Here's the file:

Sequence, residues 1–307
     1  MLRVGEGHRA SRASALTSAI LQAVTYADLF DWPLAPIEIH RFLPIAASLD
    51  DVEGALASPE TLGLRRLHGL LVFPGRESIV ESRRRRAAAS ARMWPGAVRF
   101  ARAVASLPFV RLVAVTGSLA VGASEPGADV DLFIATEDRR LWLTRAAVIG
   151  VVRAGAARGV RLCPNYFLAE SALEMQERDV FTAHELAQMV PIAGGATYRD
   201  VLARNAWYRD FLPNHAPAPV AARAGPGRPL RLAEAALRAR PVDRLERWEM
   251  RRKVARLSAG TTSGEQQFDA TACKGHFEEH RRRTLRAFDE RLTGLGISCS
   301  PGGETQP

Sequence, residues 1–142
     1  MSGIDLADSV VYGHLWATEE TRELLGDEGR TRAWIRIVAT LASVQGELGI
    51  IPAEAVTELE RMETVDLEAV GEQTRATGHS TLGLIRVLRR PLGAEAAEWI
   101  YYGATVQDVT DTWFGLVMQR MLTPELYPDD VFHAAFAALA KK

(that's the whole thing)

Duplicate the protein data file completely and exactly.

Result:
Sequence, residues 1–307
     1  MLRVGEGHRA SRASALTSAI LQAVTYADLF DWPLAPIEIH RFLPIAASLD
    51  DVEGALASPE TLGLRRLHGL LVFPGRESIV ESRRRRAAAS ARMWPGAVRF
   101  ARAVASLPFV RLVAVTGSLA VGASEPGADV DLFIATEDRR LWLTRAAVIG
   151  VVRAGAARGV RLCPNYFLAE SALEMQERDV FTAHELAQMV PIAGGATYRD
   201  VLARNAWYRD FLPNHAPAPV AARAGPGRPL RLAEAALRAR PVDRLERWEM
   251  RRKVARLSAG TTSGEQQFDA TACKGHFEEH RRRTLRAFDE RLTGLGISCS
   301  PGGETQP

Sequence, residues 1–142
     1  MSGIDLADSV VYGHLWATEE TRELLGDEGR TRAWIRIVAT LASVQGELGI
    51  IPAEAVTELE RMETVDLEAV GEQTRATGHS TLGLIRVLRR PLGAEAAEWI
   101  YYGATVQDVT DTWFGLVMQR MLTPELYPDD VFHAAFAALA KK